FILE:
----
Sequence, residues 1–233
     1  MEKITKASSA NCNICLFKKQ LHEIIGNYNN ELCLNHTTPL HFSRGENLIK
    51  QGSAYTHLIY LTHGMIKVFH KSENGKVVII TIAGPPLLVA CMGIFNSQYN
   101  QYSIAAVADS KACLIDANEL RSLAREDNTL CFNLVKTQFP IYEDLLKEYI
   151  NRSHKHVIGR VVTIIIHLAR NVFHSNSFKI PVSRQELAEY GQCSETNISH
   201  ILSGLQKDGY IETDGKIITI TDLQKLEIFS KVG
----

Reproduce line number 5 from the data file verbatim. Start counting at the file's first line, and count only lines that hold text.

   151  NRSHKHVIGR VVTIIIHLAR NVFHSNSFKI PVSRQELAEY GQCSETNISH